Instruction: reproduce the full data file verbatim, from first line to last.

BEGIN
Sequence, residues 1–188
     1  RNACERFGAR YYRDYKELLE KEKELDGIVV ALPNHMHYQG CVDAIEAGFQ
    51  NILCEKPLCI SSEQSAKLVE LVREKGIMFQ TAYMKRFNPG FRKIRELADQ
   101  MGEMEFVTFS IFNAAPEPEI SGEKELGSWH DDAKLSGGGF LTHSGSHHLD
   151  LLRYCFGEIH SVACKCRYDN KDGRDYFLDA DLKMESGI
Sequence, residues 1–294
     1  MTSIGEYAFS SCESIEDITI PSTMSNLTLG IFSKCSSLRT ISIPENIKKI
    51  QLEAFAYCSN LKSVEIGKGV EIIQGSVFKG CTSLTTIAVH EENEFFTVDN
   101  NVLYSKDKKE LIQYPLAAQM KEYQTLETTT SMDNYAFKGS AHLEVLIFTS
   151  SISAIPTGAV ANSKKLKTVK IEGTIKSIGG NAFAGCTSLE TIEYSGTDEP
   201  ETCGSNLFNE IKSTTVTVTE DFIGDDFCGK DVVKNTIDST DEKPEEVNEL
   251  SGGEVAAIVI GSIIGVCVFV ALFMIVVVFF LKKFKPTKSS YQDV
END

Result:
Sequence, residues 1–188
     1  RNACERFGAR YYRDYKELLE KEKELDGIVV ALPNHMHYQG CVDAIEAGFQ
    51  NILCEKPLCI SSEQSAKLVE LVREKGIMFQ TAYMKRFNPG FRKIRELADQ
   101  MGEMEFVTFS IFNAAPEPEI SGEKELGSWH DDAKLSGGGF LTHSGSHHLD
   151  LLRYCFGEIH SVACKCRYDN KDGRDYFLDA DLKMESGI
Sequence, residues 1–294
     1  MTSIGEYAFS SCESIEDITI PSTMSNLTLG IFSKCSSLRT ISIPENIKKI
    51  QLEAFAYCSN LKSVEIGKGV EIIQGSVFKG CTSLTTIAVH EENEFFTVDN
   101  NVLYSKDKKE LIQYPLAAQM KEYQTLETTT SMDNYAFKGS AHLEVLIFTS
   151  SISAIPTGAV ANSKKLKTVK IEGTIKSIGG NAFAGCTSLE TIEYSGTDEP
   201  ETCGSNLFNE IKSTTVTVTE DFIGDDFCGK DVVKNTIDST DEKPEEVNEL
   251  SGGEVAAIVI GSIIGVCVFV ALFMIVVVFF LKKFKPTKSS YQDV